The Commission is concerned that some teachers make it easy for cybercriminals to defraud them by sharing their T-Pay passwords. Typically, such teachers give their T-Pay passwords to cybercafé operators and other parties to assist them to carry out transactions.
In fact, in some towns, it is normal to find lists of teachers’ names with their TSC and phone numbers and T-Pay passwords pinned on walls. Such teachers simply call cybercafés from the comfort of their schools and homes for updates on salary related issues.
The cybercafé operators log into their accounts using the details they have and update the teachers via phone. This is the weakest link in such teachers’ T-Pay password safety. Given that most cybercafés are open to the public, the risk of cybercriminals stealing such teachers’ identity for fraudulent purposes increases greatly.
Indeed, there have been cases of teachers paying loans that they did not approve. Such fraudulent deals are invariably traced to this carelessness with their T-Pay passwords. Needless to say, the monies of such fraudulent loans are never disbursed to the conned teachers.
An equally serious breach of T-Pay password safety occurs when some teachers give loan marketers their T-Pay passwords, ostensibly to hasten disbursement of loan money that they sign with them.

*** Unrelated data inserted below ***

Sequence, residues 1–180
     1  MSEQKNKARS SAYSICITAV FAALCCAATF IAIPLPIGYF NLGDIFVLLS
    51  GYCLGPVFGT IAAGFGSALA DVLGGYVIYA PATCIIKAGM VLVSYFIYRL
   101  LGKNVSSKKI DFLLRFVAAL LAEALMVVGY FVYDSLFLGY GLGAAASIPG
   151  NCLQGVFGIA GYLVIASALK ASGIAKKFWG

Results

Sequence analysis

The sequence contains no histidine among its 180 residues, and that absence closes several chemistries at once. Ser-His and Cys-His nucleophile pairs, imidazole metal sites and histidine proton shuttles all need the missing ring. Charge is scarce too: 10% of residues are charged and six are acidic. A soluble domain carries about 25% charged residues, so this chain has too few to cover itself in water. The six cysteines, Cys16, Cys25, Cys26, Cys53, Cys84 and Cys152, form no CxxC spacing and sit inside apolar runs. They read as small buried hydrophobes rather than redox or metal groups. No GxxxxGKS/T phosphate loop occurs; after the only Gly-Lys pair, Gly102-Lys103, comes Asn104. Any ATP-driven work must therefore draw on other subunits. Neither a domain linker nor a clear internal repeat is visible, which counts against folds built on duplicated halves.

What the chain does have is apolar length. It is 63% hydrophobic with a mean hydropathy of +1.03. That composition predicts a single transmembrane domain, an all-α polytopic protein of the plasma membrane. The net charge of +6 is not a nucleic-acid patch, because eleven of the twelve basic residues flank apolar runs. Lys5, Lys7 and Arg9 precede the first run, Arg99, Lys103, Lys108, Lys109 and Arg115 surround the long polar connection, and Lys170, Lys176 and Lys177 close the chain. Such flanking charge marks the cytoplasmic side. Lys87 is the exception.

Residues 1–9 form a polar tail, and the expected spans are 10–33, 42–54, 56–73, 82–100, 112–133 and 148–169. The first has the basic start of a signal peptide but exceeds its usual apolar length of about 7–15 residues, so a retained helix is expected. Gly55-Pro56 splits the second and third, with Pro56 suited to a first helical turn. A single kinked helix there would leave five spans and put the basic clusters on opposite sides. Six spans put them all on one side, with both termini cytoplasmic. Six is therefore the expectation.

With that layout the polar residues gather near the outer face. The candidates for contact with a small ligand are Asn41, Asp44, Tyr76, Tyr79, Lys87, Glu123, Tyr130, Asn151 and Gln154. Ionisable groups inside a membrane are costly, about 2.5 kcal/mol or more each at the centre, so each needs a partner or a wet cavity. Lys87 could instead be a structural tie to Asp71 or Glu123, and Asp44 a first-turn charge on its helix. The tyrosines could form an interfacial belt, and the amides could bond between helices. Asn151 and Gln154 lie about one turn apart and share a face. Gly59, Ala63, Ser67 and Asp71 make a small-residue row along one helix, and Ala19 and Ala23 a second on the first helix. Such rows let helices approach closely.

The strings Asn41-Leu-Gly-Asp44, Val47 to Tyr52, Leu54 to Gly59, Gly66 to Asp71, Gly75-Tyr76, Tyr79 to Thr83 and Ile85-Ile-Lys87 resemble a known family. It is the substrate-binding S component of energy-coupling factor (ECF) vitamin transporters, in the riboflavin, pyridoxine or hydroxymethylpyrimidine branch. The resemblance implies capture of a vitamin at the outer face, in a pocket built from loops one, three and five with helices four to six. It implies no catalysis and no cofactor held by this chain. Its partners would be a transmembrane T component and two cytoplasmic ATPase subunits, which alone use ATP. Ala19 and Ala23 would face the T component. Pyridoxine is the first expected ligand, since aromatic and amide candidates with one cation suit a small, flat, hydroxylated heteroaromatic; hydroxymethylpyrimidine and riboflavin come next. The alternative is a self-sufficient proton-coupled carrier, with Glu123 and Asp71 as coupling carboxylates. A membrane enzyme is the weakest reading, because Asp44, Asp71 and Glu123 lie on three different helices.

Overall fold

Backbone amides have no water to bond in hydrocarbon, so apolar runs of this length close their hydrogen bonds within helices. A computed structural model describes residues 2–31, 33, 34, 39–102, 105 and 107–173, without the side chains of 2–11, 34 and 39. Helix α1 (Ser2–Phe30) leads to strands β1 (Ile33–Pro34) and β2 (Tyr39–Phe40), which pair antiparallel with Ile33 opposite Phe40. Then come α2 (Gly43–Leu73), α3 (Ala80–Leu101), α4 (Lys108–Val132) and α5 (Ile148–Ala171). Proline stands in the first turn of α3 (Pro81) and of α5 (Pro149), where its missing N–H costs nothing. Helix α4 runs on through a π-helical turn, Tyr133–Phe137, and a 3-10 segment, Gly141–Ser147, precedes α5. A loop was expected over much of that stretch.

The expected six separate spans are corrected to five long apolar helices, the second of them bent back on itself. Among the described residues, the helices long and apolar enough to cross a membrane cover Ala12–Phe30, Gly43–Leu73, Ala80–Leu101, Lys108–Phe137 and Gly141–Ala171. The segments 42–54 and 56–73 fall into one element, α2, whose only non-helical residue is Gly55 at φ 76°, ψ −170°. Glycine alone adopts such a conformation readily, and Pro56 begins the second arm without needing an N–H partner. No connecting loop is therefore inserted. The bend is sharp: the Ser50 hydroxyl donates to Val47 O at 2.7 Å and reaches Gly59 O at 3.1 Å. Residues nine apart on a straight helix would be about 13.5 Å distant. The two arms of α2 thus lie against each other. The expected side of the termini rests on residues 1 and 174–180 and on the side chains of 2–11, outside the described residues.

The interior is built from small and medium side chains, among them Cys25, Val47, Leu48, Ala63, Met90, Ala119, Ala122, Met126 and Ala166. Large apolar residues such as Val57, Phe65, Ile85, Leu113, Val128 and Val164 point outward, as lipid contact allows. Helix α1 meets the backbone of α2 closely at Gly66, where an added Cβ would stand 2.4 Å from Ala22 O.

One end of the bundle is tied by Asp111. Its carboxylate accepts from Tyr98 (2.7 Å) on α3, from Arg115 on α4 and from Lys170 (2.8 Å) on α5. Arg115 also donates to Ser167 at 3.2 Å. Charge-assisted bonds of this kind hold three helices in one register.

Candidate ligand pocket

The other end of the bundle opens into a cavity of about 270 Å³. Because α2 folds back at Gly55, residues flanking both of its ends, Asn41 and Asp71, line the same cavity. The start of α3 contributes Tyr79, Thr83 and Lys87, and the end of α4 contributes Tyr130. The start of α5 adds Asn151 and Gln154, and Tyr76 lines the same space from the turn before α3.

Online safety demands that you ask such marketers and even the financial institutions that employ them to call you to approve the transaction once they have finalised their part. Whereas identity theft is a growing national and global issue, you can greatly protect your T-Pay password by observing the following easy precautions:
- Do not share your T-Pay password with cybercafé operators and marketers of any kind or ask them to do online applications for you.
- If you must use a computer in a cybercafé, don’t click on the icon asking you if you want to save your T-Pay password on chrome; your pay slip can fall into the wrong hands.
- Always log out from your T-Pay accounts when you are through after using a cybercafé or any computer and mobile devices such as an iPad, laptop and mobile phone that are not yours.
- Avoid using simple passwords such as your TSC number, first name, initials, birthday, ID and phone number and names of your spouse and children. These can be deduced easily by a smart cybercriminal.
- Create strong passwords that combine letters, numbers and punctuation marks and change them from time to time.
- Avoid using similar passwords across multiple accounts, such as your T-Pay and TSC email, Facebook, Instagram and Twitter accounts; and across several devices such as your iPad, mobile phone and laptop; the risk of a hacker accessing all of them is real.